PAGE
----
If you want outlines in multiple depth and with formatting, such as bold or underline, check out InSight or PowerOutlines by DataOmega. InSight has all the bells and whistles plus the kitchen sink. PowerOutlines is focused on outlines. Both products can import NoteTab outlines. PowerOutlines has the added benefit of being able to save to the NoteTab outline format, so you can view and edit the same file with either PowerOutlines or NoteTab.
A good text editor is critical for organizing and storing notes. Be aware that online there are raging debates about the best text editor. I have a couple that I use, depending on my needs. Like an edition war, pick the one the works best for you and don’t waste time arguing about it.
Sometime in high school. I remember sitting around the TV watching “Mazes & Monsters” with Tom Hanks with the whole family, like we did back when there was only one TV in the house.
My parents gave me the Players Handbook for Christmas the year it came out. We spent Christmas at my aunt’s house, and she asked my parents if it was really a good idea to get that for me. My mom stood up to my Dad’s sister and I believe Dad did too. She said something along the lines that if it was so bad, she wouldn’t have bought it. They new it was just a game and not a source of evil.
I read the Swords and Wizardry Quick Start, White Box, and Complete Rules just to make sure the three magic items that I submitted to the OSR Superstar Contest were according to the rules of the contest.
I found the rules to be well organized and easy to start using them.
I am tempted to make them the go to rules and tweak with stuff from AD&D, like spells, monsters, etc.
I like the simplicity of classes. I don’t like the level limitations of non-Human characters and the class restrictions. This is the same balk I have with AD&D. No problem, HOUSE RULES TIME!
I like that the system strives to keep the ability to customize and encourages it!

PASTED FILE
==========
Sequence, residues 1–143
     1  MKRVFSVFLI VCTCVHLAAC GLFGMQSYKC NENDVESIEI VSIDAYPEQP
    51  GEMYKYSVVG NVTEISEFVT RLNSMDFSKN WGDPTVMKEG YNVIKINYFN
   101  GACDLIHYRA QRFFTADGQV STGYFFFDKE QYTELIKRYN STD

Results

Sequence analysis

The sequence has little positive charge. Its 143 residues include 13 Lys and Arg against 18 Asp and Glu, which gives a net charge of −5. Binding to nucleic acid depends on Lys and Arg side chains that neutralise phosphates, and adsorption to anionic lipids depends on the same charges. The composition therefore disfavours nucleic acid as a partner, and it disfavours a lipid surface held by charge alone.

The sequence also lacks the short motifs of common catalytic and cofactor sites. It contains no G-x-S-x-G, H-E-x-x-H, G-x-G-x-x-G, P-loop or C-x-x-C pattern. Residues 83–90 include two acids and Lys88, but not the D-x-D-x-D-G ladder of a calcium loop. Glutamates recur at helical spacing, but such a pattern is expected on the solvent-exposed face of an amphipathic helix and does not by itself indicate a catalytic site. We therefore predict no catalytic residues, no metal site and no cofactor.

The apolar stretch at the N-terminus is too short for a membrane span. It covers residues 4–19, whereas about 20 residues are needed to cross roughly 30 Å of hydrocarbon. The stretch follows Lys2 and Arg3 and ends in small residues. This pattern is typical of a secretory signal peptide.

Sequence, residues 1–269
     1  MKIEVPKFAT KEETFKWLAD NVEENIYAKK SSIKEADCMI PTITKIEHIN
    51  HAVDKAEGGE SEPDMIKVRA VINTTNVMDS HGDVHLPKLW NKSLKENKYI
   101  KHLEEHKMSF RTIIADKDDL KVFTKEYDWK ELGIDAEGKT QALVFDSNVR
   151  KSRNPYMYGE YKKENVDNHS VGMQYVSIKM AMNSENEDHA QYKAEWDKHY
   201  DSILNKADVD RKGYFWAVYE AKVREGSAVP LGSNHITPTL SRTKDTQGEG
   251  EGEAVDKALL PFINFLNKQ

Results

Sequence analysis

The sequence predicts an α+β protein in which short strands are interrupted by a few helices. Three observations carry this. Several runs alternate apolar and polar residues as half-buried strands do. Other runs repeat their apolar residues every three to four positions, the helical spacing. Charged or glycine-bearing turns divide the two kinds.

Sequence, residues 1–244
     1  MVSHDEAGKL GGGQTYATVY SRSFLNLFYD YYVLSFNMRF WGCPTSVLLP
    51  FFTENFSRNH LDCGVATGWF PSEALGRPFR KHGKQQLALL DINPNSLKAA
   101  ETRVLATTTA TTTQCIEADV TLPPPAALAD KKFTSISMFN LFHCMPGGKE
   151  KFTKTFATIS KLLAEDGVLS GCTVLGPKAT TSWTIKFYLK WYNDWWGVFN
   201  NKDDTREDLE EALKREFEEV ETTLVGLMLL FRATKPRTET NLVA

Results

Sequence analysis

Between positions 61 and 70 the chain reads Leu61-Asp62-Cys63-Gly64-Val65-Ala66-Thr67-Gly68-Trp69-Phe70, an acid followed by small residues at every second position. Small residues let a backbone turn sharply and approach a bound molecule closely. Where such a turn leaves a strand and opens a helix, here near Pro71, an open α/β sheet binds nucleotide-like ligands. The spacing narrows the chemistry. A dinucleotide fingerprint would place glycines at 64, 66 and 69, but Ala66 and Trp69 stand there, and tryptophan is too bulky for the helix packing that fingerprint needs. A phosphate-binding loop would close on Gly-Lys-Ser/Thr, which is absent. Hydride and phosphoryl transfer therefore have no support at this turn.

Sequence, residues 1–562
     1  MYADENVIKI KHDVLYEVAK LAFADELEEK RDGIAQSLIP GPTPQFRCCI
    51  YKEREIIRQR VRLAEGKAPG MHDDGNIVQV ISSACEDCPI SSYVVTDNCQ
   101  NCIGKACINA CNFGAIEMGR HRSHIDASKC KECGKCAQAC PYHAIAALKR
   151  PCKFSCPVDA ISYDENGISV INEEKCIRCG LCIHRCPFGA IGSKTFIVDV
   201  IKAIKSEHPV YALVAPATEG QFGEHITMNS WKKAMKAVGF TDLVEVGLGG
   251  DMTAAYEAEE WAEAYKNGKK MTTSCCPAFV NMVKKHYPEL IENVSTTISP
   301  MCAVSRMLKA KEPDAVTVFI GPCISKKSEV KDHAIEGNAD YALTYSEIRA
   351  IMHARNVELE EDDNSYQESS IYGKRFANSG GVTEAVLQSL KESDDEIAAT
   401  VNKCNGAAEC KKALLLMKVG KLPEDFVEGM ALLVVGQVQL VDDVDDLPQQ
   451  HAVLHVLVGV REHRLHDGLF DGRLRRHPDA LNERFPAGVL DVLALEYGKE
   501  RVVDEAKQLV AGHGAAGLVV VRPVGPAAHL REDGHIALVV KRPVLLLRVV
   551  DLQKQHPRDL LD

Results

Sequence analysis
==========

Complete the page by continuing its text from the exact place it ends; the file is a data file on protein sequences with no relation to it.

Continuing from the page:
I have joined the Swords & Wizardry Discussion Group to keep up with ideas of others.
I see it beneficial to have these rules, which are freely available, should I ever get an online campaign going, others will need the rules.
I like the S&W SRD and it’s ideas, and I like the generators for NPCs, NPCs in taverns, and treasure map generator. Simple tools to fill in gaps fast.
I recommend this system and I would gladly play these rules, since they are so close to my “home” rules.
Well, I have spent so much time blogging and updating this Google+ page and collecting information, etc. that I am behind on direct work on my campaign.
I never really had an edition war. My brother, Robert, bought the ADD 2nd Edition books and we incorporated some things from that into play, but overall, we have always been 1st edition ADD.
My whole take on the edition wars is based only what I have read online in the last few years.
Some of the flair ups and controversies in the RPG blogging community and the old school in particular have been my wars. Thin skin and long toes leads to a lot of hurt feelings in anything that is public.
I have not used MapTool. I just tried in the last week, and its Java requirement is not working with the latest version of Java. That’s a security hole, so I did not go further to make it work.
I think such tools would be very useful for online play, but I need more time to figure out how it works.
I have read that some just use Google+, and others use similar tools and Google+ for online live play.
Finding a game I can at least try it out, like a one-shot adventure would be good.
I ran across this YouTube video today, it is a good basic explanation of D&D/RPGs.